Host: Americans have been eating genetically engineered corn and soybeans for years. Now, scientists are redoing fish. Farm-raised Atlantic salmon just might become the first genetically engineered animal to be eaten by people. This salmon's got a new gene that makes it grow to maturity in 18 months, rather than three years. The Food and Drug Administration will have to decide whether it thinks the salmon is safe to eat and safe for the environment.
The company says that its genetically engineered salmon contains the same nutrients, the same fatty acids and the same minerals as natural salmon. And it tastes the same, too.
But critics say that the FDA is moving too fast. It hasn't gathered enough information, and it's relied too heavily on small studies. Fish is one of the top five foods people are most allergic to. The small sample size for some tests makes it difficult to prove that the new product would not trigger a greater allergic reaction in people already sensitive to salmon.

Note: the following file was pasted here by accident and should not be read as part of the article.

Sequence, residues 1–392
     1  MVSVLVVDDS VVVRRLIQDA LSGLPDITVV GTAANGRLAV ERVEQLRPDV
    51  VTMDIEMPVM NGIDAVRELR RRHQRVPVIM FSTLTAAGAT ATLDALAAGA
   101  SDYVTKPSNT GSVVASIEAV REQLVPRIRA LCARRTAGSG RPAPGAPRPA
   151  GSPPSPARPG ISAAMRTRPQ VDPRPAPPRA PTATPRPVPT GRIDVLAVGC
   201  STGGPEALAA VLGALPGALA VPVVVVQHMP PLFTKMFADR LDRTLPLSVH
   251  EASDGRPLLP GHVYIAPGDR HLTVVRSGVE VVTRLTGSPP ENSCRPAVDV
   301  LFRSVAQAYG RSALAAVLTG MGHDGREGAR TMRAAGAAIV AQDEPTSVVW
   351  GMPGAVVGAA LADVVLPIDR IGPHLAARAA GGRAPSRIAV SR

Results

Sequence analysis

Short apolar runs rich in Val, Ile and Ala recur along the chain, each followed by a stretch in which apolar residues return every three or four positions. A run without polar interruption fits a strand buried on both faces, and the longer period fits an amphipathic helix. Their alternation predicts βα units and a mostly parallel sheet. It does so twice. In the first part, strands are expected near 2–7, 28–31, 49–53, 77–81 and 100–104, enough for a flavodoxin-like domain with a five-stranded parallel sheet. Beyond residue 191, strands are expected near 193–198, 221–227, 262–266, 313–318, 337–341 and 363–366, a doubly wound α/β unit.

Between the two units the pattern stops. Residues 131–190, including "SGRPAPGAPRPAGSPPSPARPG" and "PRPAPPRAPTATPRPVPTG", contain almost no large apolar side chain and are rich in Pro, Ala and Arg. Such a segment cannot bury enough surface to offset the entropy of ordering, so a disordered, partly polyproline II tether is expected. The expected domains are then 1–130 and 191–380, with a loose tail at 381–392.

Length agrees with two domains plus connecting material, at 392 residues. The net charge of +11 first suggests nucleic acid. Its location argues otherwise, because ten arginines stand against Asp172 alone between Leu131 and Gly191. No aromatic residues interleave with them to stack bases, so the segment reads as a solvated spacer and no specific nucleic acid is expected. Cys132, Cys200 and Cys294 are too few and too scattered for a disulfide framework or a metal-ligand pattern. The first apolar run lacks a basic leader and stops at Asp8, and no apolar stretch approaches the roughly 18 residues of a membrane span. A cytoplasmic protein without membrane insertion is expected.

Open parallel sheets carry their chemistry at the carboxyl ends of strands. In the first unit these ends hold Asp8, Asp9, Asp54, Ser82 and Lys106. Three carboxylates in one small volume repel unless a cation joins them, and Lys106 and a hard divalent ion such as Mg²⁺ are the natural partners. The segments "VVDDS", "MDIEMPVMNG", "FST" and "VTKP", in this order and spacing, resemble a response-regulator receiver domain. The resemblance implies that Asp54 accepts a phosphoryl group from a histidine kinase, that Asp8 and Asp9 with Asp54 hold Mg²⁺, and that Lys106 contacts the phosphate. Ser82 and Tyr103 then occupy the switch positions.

Another contentious issue being debated is what will happen if these salmon escape from fish farms into the wild. AquaBounty says not to worry.
Ron Stotish (CEO): There is virtually no possibility of escape and interaction with wild populations.
The fish eggs will be sterile, he says, and all will be female. Plus, they'll grow them in tanks on land, not at sea.
Marine scientist Yonathan Zohar, of the University of Maryland Baltimore County, supports the approval of genetically engineered salmon. He says it's important to find ways of increasing production of farmed fish. Wild stocks of many fish, not just salmon, are becoming depleted. And there's more demand for fish than the sea alone can provide.
On another front, the FDA plans to hear from the public about whether genetically engineered salmon should be labeled for consumers. One person worried about that is Jeff Black, owner of the BlackSalt Fish Market and Restaurant in Washington, D.C.
Black: It should absolutely be labeled, and…and the public should be allowed to make their own decision. In the restaurant industry, we have what's called “truth in menu.” And “truth in menu” requires me to tell the truth about the things I'm serving.
The FDA said if the flesh of the genetically engineered salmon is essentially the same as the traditionally raised salmon, a new label is not required.